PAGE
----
, Volume 256, Issue 2, pp 198-202
Date: 06 Mar 2009

Intra-cerebral haemorrhages: are there any differences in baseline characteristics and intra-hospital mortality between hospitaland population-based registries?

Rent the article at a discount

Rent now

* Final gross prices may vary according to local VAT.

Get Access

Abstract

A better understanding of the natural history of intracerebral haemorrhages (ICH) with cohorts representing the whole spectrum of the disease is necessary to improve treatment. Our aim was to identify potential differences in baseline characteristics and short-term outcomes of patients with non-traumatic ICH, included in a hospital- and in a population-based stroke registry.

We compared 373 patients recruited in a university hospital and the last 373 ICH patients included in a population-based registry. Both cohorts included consecutive patients with non-traumatic parenchymal haemorrhages. In the hospital cohort, we collected data from all patients admitted in the emergency room, irrespective of the clinical severity and of the specialist in charge of the patient.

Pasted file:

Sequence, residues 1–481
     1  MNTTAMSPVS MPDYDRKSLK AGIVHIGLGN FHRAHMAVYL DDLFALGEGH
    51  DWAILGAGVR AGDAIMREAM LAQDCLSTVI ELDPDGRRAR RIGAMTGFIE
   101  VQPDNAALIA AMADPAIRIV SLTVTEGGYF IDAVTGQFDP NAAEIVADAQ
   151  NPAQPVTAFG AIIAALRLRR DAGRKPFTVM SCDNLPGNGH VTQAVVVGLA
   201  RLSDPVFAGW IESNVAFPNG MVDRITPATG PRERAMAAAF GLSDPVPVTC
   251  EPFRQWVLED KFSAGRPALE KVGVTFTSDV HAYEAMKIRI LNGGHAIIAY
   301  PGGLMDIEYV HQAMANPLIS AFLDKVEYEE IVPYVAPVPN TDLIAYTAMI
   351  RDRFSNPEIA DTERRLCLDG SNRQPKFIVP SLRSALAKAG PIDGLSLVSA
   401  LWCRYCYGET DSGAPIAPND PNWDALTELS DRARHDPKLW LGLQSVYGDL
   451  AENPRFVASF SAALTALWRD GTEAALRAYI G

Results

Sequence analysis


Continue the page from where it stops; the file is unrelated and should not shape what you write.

In the hospital cohort, patients were younger and more often alcoholic, but these differences may be explained by the younger age and a higher prevalence of alcoholism in this area. Patients also had more frequently hypercholesterolemia, and were more often under antiplatelet therapy. Both cohorts did not differ for intra-hospital casefatality rate.

The characteristics of patients included in the hospital cohort were very close to those of patients from a population-based registry, and the differences observed are likely to be explained by differences in the characteristics of the populations in the two areas and different periods of recruitment. Recruiting patients in emergency rooms, and not in stroke units, neurological, or neurosurgical departments, has enabled us to build a cohort of ICH patients representative of the whole spectrum of the disease, with minimised recruitment bias and maximised precision of the variables collected. This cohort may, therefore, provide reliable information on the natural history of ICH.